Though neither mountain climbers nor heads of state, Mona and Jay got a chance to do a summit – the Ricochet Podcast Summit in Washington, D.C. Before an audience, they ran through a slew of issues, including the Koreas, the Nobel Peace Prize, Rudy Giuliani, movies, and books. And music. Both of them had the temerity to suggest what was the greatest pop song ever written. This podcast ends with one of the selections (a Jackson 5 number).

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There being no shortage of news to discuss, Mona and Jay wade in: the Korean Peninsula, Trump, Macron, Mulvaney, Pruitt, Cohen, Cosby, etc. There is also talk about books and movies and TV shows. And music – the podcast goes out with a snippet from one of the mightiest works ever written, Bruckner’s Symphony No. 9.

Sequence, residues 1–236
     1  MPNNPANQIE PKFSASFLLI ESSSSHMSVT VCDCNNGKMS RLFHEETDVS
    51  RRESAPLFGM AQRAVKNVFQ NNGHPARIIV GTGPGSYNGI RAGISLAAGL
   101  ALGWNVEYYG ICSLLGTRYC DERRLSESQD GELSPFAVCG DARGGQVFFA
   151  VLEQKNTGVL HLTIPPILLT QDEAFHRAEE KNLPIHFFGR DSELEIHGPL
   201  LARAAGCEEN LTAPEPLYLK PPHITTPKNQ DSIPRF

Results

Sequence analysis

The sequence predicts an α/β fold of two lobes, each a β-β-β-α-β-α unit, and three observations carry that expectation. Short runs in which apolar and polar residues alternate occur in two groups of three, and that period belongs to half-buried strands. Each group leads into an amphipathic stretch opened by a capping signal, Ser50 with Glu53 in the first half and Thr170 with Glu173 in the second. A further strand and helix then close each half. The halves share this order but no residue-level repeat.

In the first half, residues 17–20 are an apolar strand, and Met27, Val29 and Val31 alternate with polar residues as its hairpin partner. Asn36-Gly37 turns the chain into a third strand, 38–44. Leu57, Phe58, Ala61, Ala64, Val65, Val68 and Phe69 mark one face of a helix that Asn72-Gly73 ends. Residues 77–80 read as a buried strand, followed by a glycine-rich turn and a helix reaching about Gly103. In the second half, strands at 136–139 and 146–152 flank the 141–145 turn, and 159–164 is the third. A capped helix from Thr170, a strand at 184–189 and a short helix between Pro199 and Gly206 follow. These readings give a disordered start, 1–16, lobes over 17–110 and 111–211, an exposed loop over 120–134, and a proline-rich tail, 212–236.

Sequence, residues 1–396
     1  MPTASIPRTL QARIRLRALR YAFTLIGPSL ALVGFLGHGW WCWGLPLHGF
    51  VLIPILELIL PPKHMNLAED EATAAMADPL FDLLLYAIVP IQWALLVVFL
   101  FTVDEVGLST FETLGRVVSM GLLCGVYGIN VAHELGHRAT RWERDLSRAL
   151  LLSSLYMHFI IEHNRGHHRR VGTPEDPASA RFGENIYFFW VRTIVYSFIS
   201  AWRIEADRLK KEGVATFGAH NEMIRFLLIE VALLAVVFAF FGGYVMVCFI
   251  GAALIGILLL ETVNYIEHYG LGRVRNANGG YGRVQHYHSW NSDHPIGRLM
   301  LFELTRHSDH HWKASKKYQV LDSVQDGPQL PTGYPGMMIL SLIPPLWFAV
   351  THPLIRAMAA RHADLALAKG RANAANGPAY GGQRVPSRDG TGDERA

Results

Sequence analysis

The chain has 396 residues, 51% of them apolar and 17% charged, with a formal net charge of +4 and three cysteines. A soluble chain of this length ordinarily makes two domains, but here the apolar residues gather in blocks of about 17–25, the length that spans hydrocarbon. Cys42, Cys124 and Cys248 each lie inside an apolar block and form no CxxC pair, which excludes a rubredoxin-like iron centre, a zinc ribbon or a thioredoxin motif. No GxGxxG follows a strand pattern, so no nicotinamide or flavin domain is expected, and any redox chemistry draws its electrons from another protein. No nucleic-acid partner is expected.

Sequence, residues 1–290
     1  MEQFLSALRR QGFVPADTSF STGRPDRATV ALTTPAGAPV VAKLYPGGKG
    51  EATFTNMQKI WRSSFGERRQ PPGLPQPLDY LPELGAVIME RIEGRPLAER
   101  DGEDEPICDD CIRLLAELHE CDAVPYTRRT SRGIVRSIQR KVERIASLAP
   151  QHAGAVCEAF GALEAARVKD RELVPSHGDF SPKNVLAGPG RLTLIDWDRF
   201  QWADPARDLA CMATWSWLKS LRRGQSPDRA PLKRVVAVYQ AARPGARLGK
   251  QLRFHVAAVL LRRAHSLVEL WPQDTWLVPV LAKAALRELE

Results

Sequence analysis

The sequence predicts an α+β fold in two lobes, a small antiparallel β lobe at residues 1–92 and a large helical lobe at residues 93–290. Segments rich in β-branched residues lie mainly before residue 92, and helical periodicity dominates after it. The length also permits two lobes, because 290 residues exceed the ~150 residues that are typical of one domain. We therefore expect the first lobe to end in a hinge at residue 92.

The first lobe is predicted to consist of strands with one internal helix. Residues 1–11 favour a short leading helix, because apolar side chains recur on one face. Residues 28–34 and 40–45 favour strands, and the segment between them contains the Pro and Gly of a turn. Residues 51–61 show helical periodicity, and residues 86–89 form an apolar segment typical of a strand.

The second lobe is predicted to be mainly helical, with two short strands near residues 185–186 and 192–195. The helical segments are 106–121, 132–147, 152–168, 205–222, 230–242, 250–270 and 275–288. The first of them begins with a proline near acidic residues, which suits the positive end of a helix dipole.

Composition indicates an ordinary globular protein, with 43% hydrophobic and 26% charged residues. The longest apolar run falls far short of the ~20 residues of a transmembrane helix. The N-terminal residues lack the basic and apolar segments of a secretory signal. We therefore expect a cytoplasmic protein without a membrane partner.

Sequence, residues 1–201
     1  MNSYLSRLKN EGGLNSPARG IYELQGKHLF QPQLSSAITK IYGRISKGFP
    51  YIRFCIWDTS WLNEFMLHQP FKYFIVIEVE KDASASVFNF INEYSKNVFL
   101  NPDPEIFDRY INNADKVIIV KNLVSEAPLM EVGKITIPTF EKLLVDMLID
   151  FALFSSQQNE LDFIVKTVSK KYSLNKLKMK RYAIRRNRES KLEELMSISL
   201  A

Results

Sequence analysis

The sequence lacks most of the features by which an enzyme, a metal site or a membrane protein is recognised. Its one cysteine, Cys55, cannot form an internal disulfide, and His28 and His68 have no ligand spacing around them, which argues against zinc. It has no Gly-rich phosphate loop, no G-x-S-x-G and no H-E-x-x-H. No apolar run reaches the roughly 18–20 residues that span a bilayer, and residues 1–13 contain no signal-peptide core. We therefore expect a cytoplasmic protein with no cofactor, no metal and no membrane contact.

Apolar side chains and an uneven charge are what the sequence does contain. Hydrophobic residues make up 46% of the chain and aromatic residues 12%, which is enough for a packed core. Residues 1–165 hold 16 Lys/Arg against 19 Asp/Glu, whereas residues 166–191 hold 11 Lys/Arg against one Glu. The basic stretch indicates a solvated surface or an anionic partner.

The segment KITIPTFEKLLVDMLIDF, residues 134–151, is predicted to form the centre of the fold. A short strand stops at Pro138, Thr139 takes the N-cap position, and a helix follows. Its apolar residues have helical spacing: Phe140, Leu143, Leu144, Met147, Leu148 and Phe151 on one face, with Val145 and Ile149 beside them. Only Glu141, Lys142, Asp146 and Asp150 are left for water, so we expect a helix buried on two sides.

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Eli Lake of Bloomberg View evaluates the Syria situation. Why not just “leave it others”? Jay and Mona then talk Comey, Cohen, Haley, Bush (Barbara), Stone, and Hannity. Plus: a special invitation to a live event.

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Mona and Jay welcome Kristen Soltis Anderson, a top pollster and analyst with a beautiful name. She talks about Trump’s standing, the GOP’s standing, and related important issues. Then Mona and Jay discuss tweeting, Amazon, Kevin Williamson, abortion, etc. They are takin’ care of business, and so is America, and so is the song the podcast goes out on.